HERMIT and MARTYRS

of The Christian Heritage of Ryedale

ONE of the most prolific writers of the 14th century was Richard Rolle who was born in Thornton le Dale around 1300. He studied at Oxford but returned to Pickering where he once preached in the church a sermon 'of such virtue and power' that all present were moved to tears. Richard lived as a hermit or 'anchorite' under the sponsorship of the Constable of Pickering Castle and went on to become chaplain to Hampole Priory to the north of Doncaster. His best known book is 'The Fire of Love', a guide for those trying to live the spiritual life.

MANY of the first reformers became martyrs, particularly in the reign of Queen Mary I ('Bloody Mary'). One of these was the apprentice John Leaf of Kirkbymoorside, who perished in London during the persecutions of the time. Queen Elizabeth was more tolerant, except where Roman Catholics were (rightly or wrongly) suspected of treason.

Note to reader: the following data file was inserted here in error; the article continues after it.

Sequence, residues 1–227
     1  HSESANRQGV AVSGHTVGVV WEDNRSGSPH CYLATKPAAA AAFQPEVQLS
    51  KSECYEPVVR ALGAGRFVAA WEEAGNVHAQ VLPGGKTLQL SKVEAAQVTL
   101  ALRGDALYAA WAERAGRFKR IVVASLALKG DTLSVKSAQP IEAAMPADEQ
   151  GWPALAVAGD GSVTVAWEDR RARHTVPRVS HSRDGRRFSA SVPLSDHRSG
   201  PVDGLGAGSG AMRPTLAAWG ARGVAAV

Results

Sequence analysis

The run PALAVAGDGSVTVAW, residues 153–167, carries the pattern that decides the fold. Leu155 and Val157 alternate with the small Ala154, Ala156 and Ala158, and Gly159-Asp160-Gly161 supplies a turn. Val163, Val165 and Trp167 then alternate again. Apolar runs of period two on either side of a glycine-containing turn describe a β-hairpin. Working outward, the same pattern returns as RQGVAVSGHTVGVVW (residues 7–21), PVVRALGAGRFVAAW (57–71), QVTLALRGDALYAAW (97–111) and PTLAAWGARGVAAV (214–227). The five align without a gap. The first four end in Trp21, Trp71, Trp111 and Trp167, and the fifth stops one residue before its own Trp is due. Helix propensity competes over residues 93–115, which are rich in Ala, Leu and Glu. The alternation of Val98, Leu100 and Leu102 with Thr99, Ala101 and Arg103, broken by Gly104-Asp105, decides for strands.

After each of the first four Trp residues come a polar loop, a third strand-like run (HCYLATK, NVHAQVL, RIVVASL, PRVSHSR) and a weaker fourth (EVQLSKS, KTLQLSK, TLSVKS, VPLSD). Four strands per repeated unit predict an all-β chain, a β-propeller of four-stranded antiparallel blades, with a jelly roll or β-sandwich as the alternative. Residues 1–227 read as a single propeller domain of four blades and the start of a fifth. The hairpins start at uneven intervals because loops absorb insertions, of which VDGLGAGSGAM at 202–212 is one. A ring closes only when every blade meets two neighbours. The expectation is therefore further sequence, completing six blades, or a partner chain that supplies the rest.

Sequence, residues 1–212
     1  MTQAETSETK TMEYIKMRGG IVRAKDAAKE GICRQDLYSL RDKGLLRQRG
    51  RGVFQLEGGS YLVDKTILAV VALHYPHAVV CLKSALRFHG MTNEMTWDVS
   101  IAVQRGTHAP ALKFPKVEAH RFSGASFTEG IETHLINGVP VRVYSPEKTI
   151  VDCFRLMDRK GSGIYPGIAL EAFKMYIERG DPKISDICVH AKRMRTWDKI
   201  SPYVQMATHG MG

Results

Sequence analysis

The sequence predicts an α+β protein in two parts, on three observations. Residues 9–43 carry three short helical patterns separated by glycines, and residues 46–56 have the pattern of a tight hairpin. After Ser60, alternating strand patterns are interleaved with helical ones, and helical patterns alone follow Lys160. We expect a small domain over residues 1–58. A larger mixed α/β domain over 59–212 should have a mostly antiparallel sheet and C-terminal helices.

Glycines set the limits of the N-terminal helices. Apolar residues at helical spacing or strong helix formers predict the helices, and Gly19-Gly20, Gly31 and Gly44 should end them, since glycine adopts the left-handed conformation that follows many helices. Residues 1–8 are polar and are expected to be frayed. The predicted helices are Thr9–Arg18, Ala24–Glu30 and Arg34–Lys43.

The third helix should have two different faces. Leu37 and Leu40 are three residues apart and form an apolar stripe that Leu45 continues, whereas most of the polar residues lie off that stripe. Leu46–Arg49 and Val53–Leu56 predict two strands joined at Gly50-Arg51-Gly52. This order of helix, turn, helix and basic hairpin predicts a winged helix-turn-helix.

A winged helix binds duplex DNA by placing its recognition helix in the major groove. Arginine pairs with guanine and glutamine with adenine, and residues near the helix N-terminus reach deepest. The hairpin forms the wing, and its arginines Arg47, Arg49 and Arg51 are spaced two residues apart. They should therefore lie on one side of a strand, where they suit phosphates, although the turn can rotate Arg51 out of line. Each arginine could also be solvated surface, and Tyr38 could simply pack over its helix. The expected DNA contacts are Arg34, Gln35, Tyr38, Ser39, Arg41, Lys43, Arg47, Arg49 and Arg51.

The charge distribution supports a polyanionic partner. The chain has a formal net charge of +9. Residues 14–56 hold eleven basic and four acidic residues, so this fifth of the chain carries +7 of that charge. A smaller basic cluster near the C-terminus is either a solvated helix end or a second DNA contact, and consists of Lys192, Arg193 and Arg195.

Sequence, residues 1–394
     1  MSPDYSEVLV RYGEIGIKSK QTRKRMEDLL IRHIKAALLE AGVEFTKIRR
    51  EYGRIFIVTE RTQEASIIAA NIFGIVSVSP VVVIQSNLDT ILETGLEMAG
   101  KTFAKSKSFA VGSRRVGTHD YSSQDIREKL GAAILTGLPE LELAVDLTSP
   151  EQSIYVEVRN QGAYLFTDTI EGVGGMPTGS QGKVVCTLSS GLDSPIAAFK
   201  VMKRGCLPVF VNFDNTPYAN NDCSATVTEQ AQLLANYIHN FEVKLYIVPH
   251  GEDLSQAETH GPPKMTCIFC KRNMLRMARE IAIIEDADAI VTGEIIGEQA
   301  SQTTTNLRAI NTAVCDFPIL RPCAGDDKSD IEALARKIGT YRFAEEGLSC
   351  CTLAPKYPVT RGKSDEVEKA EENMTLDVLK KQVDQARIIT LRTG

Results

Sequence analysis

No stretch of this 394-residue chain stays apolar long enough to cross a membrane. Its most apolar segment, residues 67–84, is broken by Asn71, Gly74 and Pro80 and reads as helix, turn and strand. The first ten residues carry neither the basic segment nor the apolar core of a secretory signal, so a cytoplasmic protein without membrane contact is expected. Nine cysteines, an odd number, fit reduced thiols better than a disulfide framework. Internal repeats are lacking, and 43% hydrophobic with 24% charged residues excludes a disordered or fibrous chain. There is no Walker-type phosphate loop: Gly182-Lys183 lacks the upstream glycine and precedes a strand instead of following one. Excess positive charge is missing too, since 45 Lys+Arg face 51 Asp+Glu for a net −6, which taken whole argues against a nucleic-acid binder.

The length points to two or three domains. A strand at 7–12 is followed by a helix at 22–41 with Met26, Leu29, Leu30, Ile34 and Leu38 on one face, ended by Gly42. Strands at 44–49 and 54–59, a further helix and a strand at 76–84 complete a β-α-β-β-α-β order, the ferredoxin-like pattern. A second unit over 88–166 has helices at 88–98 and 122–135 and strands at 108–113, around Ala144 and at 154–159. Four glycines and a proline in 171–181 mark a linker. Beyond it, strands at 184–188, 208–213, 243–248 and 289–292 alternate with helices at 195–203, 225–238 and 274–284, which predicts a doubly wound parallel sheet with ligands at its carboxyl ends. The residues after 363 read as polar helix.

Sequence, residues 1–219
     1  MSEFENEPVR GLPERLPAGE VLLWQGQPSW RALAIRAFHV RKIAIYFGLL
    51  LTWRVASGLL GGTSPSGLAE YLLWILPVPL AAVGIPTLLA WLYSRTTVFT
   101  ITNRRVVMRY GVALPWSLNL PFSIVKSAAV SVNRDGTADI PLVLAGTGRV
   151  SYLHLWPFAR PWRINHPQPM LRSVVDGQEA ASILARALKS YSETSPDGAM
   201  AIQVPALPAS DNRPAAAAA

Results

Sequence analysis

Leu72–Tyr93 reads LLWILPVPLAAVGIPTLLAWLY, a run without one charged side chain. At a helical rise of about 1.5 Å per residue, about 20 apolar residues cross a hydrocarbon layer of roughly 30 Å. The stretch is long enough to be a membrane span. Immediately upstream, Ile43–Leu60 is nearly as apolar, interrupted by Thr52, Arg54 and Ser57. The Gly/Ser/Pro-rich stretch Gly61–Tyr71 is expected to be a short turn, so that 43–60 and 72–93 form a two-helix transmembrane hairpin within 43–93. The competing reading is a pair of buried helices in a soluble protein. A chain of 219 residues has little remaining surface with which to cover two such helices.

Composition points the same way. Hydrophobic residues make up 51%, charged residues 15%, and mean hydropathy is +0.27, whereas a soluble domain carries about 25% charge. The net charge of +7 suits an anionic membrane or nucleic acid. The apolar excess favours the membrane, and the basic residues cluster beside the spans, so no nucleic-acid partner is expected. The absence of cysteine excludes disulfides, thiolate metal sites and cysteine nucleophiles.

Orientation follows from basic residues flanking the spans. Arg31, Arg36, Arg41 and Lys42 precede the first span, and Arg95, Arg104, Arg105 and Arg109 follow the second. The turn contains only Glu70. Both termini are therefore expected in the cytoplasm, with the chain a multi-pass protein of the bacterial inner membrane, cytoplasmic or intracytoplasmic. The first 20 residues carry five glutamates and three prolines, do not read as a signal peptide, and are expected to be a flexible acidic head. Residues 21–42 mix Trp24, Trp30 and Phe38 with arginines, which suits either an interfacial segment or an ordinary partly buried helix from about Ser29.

Not everyone took to the new ways of the church, and during the following century a number of brave priests continued to celebrate Mass in the Roman tradition. They were generally allowed to get on with their calling but some were thought to be associated with the political movements of the day and were condemned to death as traitors. One priest, Nicholas Postgate, who ministered for fifty years travelling throughout Ryedale and Eskdale, was falsely accused of supporting the 'Popish Plot' in 1678, though he was known to be a peaceful and holy man. The authorities at York were reluctant to see him executed, but they were overruled by London, to the disgust of the local population.

Nicholas Postgate

Page prepared by Ryedale Christian Council Autumn 2000. Updated December 2016

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